--- Chris Mohr <[log in to unmask]> wrote:
> Thanks to all for your constructively helpful responses. The experienced
> advice and discussions on this socref-listserv over time have proved
> immeasurably valuable in preparing me to be adequately ready to step up a
> quantum notch in challenge and difficulty when called upon to do so. In
> particular, it's good to be in a position coming away from such a
> challenging game asking about recognized problem issues I encountered and
> managed to muddle through, but the handling of which could definitely stand
> improvement, rather than needing any postmortem disaster analysis of one of
> those games-from-hell.
> While I've had plenty of games where some players were probing, studying,
> and frequently trying to lobby the ref, this game presented it on a whole
> new level of it - all 22 players on the field kept everything that happened
> under constant, savvy study, including me, the way predatory animals study
> and stalk and testingly probe things. BTW, these guys were expert in the
> art of trying to verbally influence a referee without crossing that line of
> insolence, disrespect, or persistence that truly must be handled by a card
> for dissent. Some of these guys are going to make great lawyers - they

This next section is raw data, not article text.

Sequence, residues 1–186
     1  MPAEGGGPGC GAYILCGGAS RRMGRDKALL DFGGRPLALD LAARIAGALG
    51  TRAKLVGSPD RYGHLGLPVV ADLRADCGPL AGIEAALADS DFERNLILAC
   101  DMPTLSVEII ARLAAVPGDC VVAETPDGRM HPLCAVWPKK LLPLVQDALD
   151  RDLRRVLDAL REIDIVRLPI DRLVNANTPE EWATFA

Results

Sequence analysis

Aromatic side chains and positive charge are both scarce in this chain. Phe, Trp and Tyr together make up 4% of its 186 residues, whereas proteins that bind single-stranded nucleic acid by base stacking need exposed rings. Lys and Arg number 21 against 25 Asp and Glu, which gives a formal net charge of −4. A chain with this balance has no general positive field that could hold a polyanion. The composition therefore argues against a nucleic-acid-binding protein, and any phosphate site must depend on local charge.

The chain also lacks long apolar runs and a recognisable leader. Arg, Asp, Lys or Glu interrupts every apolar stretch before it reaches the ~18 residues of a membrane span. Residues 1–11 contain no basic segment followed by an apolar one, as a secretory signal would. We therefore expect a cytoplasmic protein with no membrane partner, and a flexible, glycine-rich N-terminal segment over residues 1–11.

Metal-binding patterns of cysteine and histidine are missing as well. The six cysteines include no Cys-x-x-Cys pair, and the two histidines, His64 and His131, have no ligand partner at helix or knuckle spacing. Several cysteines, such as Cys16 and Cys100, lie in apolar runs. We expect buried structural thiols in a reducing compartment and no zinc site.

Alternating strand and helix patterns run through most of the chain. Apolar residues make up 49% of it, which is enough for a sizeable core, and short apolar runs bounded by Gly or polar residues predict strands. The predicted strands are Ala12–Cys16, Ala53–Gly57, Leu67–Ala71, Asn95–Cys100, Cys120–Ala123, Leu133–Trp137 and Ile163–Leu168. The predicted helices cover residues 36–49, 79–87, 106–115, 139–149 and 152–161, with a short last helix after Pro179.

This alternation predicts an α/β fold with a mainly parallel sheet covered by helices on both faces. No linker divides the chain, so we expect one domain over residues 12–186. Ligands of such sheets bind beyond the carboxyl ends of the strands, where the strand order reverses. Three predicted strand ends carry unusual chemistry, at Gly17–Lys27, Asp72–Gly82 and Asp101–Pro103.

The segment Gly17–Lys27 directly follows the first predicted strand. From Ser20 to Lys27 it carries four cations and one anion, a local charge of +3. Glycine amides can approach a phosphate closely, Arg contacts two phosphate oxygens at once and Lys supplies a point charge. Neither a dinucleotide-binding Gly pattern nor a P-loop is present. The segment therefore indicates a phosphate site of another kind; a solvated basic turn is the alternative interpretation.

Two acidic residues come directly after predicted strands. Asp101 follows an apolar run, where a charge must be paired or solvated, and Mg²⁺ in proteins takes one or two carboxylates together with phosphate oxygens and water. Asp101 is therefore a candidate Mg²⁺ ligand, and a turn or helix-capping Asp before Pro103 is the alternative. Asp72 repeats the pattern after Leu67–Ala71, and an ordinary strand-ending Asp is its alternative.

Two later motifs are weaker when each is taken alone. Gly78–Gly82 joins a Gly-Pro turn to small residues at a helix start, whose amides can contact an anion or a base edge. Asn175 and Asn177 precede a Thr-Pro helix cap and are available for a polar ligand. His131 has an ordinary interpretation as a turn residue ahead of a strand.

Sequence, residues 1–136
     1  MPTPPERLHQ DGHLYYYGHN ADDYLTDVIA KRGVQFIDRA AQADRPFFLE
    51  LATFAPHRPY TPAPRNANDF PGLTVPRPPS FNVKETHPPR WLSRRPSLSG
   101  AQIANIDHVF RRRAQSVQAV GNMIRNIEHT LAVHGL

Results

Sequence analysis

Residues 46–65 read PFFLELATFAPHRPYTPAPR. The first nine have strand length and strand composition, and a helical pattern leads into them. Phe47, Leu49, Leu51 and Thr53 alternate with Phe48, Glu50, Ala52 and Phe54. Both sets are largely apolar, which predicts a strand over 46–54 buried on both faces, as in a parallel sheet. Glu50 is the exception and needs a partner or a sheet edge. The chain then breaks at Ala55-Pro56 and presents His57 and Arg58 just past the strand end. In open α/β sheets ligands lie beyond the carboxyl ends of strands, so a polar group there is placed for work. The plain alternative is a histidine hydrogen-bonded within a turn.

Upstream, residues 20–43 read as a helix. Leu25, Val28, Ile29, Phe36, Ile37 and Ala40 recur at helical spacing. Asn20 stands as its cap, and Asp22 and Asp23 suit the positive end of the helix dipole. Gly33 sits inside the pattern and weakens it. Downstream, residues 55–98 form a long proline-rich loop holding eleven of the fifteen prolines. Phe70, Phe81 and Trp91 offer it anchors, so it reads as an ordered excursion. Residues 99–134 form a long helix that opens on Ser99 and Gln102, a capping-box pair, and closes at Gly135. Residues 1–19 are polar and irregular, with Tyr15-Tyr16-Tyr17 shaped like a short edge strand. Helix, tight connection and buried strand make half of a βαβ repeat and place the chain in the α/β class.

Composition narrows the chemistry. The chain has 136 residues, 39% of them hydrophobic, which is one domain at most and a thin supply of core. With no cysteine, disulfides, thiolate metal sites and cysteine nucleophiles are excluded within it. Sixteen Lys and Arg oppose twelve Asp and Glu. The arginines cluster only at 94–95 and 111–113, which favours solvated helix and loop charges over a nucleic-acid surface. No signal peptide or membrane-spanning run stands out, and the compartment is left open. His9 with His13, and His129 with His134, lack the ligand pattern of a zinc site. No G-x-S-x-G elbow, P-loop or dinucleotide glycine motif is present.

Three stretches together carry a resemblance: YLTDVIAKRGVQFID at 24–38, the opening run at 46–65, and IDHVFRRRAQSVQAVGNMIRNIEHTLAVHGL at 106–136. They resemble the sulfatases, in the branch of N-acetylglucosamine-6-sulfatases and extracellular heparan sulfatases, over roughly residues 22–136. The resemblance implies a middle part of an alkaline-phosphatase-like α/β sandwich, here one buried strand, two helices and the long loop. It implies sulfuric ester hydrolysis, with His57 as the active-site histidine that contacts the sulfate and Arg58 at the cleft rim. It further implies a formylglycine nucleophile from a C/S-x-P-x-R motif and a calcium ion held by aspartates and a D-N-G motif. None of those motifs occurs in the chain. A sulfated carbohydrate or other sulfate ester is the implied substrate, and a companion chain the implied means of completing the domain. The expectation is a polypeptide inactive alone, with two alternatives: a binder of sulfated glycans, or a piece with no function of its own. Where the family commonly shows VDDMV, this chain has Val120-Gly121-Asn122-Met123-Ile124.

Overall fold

> remembered everything I either had or hadn't done ten or twenty minutes ago,
> and cleverly cited it as precedent in trying to lobby me (or whine) about
> something in the present, which made sorting out constructively useful
> feedback I ought to be paying attention to versus the junk and gamesmanship
> very challenging at times. Fortunately, I was able to always maintain
> sufficient confidence, composure, and decisive demeanor that the chaff
> mostly blew harmlessly off my back.
> This raises a general conundrum about cards for dissent - my general theory
> is that unless a player comment crosses the line from gamesmanship to
> disruptiveness or intolerable disrespect (the kind that threatens to
> undermine game management if you don't react to) - the better approach is
> for the referee to resolutely maintain and project confidence and
> decisiveness, and let the small stuff wash harmlessly off his/her back, and
> wait for the the right and clearly proper opportunity if ever needed, to
> show a dissent card. I don't think you can earn respect you haven't already
> earned, at least in substantial part, by showing a card - I've seen other
> referees struggle unsuccessfully to get a game back under control with cards
> where IMHO the horse already left the barn for other reasons. But at each
> new level, there's a learning experience in being able to accurately sense
> when the proper moment has arrived, and I'll just have to work through it
> with experience. BTW, while I'm not at all to give cards (I carry two YCs
> and RCs at games, one set in the appropriate pants pockets, and one set in
> my game record sleeve in my shirt pocket), my general approach is to try to
> manage games with my personality rather than cards to the extent possible.
> Is this wise?
Handling dissent is one of the many keys towards the advancement of a referee.
You cannot allow the players to "dissent" your calls. What do I mean by the
word "dissent?" There are two kinds of "dissent": a) emotional and b) planned.
Emotional dissent can take on the form of a player frustrated after missing a
shot, and thinking he was fouled, yells out in frustration, "Hey ref, didn't
you see what he just did to me?" Emotional dissent, like all kinds, needs to